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I want to make natto, and recipes say that it should be fermented at ~38°C/100°F. My oven doesn't have a bread proving or defrost setting, and previous experiments with just the oven light on haven't reached that temperature. I keep my sourdough starter and kombucha at room temperature (~21°C/67°F) and it works well / I like the result. Will that work for natto?

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    You may find the oven light can maintain roughly that temperature after warming it up by turning it on properly for a few minutes. I can do that for proving dough in winter. I would expect the light to take many hours to heat the oven to equilibrium. (Not an answer, but maybe a solution)
    – Chris H
    Oct 18, 2018 at 12:27
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    My grandmother made natto by making her kids sleep with it under their feet at night, like a hot water bottle. That's old school Japanese. Japanese futons are rather thick and you sink into them so it traps body heat rather well. If you could attach it to your body, or place it under your arm so that it doesn't get away from you during the night, it should work sufficiently. Oct 18, 2018 at 20:02
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    I've just found out that some people use yoghurt makers or other insulated boxes. I might try that. I've also got a batch going at room temperature. It's starting to smell good so I guess I'll find out if it works soon!
    – z0r
    Oct 20, 2018 at 2:12

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From my research, the problem with fermenting nattō at lower temperatures is that it doesn’t inhibit the growth of other bacteria which can either inhibit the growth of the target bacteria, bactilis subtilis, or potentially introduce and incubate pathogenic bacteria which can harm your health. Natto bacteria are very comfortable with high temperatures and you should aim for between 38 and 42 degrees for a full 20 hours.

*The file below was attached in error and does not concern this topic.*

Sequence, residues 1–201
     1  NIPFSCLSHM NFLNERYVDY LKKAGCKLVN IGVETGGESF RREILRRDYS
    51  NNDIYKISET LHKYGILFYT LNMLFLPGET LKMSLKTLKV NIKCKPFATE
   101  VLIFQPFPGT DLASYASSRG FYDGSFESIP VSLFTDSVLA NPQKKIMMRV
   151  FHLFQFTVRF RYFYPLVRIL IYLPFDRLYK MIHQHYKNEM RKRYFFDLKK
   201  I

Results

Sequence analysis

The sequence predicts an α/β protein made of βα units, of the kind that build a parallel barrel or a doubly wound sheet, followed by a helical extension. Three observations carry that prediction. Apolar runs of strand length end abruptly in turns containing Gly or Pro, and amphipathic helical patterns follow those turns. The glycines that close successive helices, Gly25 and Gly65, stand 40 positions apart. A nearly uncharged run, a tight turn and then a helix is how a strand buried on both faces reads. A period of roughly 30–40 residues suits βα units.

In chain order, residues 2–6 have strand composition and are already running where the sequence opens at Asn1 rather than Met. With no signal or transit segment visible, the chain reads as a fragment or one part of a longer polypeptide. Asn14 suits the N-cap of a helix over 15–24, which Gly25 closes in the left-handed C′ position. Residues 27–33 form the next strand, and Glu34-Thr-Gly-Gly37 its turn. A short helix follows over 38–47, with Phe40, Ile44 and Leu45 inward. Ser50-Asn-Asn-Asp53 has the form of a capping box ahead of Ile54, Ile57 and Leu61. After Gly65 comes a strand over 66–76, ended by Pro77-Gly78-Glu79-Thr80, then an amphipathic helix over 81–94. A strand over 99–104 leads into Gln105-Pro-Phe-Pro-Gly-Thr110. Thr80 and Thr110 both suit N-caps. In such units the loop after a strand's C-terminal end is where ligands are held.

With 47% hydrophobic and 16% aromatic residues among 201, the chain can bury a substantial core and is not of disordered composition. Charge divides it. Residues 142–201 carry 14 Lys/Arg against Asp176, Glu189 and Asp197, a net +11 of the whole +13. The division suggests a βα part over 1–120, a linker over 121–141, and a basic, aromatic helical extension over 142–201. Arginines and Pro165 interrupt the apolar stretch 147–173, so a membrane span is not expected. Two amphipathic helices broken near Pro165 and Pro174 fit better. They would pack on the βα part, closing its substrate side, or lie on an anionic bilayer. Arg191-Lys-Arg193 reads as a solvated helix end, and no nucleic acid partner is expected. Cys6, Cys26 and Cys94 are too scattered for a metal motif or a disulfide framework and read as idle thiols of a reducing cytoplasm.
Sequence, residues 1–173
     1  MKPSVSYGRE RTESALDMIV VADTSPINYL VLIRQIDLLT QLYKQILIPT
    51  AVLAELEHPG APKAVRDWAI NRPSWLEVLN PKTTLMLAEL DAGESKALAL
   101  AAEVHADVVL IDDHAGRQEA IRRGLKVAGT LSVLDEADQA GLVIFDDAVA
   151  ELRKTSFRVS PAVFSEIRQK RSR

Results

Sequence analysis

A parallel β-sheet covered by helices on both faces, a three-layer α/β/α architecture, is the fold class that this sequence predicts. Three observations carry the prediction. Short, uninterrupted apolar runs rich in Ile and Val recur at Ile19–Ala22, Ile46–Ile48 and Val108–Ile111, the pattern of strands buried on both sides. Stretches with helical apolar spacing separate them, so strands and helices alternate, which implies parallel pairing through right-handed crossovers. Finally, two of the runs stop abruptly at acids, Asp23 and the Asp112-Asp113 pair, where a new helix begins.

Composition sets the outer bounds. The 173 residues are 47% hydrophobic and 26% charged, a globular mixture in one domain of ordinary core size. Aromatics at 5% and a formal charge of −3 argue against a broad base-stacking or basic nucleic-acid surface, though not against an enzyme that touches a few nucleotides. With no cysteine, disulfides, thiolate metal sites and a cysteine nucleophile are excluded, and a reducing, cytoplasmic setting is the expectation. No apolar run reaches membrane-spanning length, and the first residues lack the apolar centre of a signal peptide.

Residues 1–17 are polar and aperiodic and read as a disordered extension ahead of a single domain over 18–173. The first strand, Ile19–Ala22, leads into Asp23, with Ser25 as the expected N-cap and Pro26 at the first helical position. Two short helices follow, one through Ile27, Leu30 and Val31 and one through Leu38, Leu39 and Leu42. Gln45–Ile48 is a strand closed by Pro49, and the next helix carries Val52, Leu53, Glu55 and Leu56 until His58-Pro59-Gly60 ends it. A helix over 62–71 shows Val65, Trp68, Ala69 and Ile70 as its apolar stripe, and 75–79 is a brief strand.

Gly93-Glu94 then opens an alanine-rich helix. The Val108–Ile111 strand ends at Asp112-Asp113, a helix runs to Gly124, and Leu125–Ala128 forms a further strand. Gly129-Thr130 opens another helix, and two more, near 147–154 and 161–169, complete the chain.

Try looking at Natto Dad - he has a blog and YouTube videos which were very helpful to me. My second batch of nattō is currently fermenting.

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  • Thanks! After experimenting a bit, I agree. I ended up buying a cheap electronic yoghurt incubator with a natto setting.
    – z0r
    Apr 18, 2020 at 1:51
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You could investigate the possibility of exchanging the oven light with a higher wattage, f.x. from 15 w to 25 w. Just might make the difference.

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  • Does a 10W difference provide enough heat energy for fermentation? Would it not depend on the volume of the oven and length of time? This might be a good solution to the problem but it needs more detail to show how it actually solves the problem posed in the original question.
    – gnicko
    Aug 25 at 13:36
  • If you have a new question, please ask it by clicking the Ask Question button. Include a link to this question if it helps provide context. - From Review
    – gnicko
    Aug 25 at 13:37

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